Carnival Counting can be enjoyed by readers of all ages. The following reading guides provide some ways that parents, guardians and teachers can engage with children as they read this book, emphasizing both math and reading concepts and skills.
At this age, children will love seeing the beautiful illustrations in this book while learning to count. One-to-one counting is a skill that children will learn in Kindergarten, so you can support your child by building these one-to-one counting skills by modeling pointing to the feet as you count by ones, emphasizing that the last number you say, is the total number of feet. For example, one, two, three, four, there are four feet standing in line!
First graders are learning to love reading and may even be able to help you read this book with them! They should have a solid-foundation of one-to-one counting skills, and also learned to skip count by tens in Kindergarten, so they can count the feet in this book by ones or by twos. You can also encourage your child to look for other things on the page to count, such as flowers, balloons, flags, balls, roller coaster cars and more. If you look carefully, there are many things beyond the feet that can be counted in this book! This is also a great age to focus on making predictions. Ask your child when they see the zoomed in picture of the feet "where do you think the feet are walking?" or "what kind of ride do you think the kids are on?"
Third graders will be building confidence with their independent reading skills, so this book can be read independently or with an adult. Encourage your child as they read to count the feet by twos, as well as the other things on the page, such as balloons, flowers and more. You can have your child find the total number of flowers in the entire book by keeping track and counting by two. Also, support your child in relating the feet on each page to a multiplication equation, such as 4 people x 2 feet each = 8 total feet. They can solve by skip counting by 2, by repeatedly adding 2 + 2 + 2 + 2 or they can use a multiplication strategy to solve. This book makes a great third-grade read aloud to launch the multiplication unit, or a specific focus on relating skip counting to multiplication! You can also ask questions to your child such as, what number is coming next? Or on the page wit the 2, 4 balloons, ask your child to think of what balloons come next in the sequence, and in the same way, on the page with the 16, 18, 20 balls, ask your child what were the previous numbers in the sequence.
Your child will be engaged and excited to read this colorful book and will have fun imagining themselves at the fair. Support their one-to-one counting skills by pointing to the feet as you model counting the total feet on the page. Then have your child try counting with you, and eventually have them try counting by themselves. You can switch off pages and you can model counting the feet on one page, and have your child count the feet on the next page. Focus on one-to-one counting by ones.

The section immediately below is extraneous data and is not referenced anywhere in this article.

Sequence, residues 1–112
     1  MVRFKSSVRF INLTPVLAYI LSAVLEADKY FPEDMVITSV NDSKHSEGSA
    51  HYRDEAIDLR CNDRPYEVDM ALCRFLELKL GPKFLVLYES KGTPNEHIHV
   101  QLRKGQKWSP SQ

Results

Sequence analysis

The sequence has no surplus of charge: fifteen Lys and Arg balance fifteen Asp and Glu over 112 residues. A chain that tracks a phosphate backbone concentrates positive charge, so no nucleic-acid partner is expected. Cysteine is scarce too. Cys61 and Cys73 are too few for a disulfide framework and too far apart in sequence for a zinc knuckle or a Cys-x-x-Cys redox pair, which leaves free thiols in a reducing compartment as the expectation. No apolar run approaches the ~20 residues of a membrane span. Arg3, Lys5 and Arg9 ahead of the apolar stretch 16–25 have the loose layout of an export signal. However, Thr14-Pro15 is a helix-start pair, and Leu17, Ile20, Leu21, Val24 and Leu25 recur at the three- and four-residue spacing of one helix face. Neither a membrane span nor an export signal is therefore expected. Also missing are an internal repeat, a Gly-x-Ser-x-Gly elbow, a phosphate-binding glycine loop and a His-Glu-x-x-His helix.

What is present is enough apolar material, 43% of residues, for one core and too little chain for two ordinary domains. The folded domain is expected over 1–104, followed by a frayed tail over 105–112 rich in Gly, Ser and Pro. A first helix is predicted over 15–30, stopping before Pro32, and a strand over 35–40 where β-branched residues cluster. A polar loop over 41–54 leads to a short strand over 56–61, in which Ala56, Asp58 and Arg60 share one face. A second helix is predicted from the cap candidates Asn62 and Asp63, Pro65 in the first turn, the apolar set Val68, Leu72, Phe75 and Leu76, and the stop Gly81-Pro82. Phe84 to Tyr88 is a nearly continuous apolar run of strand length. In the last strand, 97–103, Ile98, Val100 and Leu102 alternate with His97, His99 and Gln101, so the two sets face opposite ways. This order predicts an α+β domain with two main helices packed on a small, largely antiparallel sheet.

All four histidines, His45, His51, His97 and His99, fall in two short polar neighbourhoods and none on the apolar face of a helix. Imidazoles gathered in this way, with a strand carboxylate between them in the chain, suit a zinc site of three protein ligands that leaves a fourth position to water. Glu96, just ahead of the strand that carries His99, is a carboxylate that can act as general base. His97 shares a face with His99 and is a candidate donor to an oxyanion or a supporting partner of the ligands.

Second graders may be able to read this book independently or with an adult. When reading with your child, encourage your child to count by twos as they see the feet on each page. As they see the feet introduced on each page, have your child make inferences about where the feet are or whose feet they are before turning the page to reveal the full picture. Also, you can have your child try counting other things on the page by two, such as flowers, balloons, flags and more!
Fourth & Fifth Grade
Fourth and fifth graders are busy applying their multiplication understanding to larger problems, and even problems with fractions and decimals. However, this book is a great way to help fourth and fifth graders focus on the foundation of multiplication understanding, so that as they work with larger problems and more complex ideas, they can refer back to the core idea that multiplication is repeated addition and skip counting. As children read this book either independently or with a parent/guardian/teacher, encourage them to think beyond just counting by twos, and multiplication equations with two, but to look for factor pairs as well. So if there are 12 feet on the page, they can think of all the factor pairs that make 12, such as 2 x 6 and 3 x 4 and 12 x 1. This multiplication fluency practice will support them as they work with larger numbers as well as apply this understanding to decimals and fractions
What math educators and parents are saying about Carnival Counting:
michelle contich, elementary principal
Carnival Counting is a beautiful picture book in which the author and illustrator transport you to a festive carnival as you count by 2’s. Reading and rereading this special book will develop your child’s number sense and build a strong foundation for mathematical thinking. It is sure to become your child’s favorite that they will cherish from ages 2 to 10!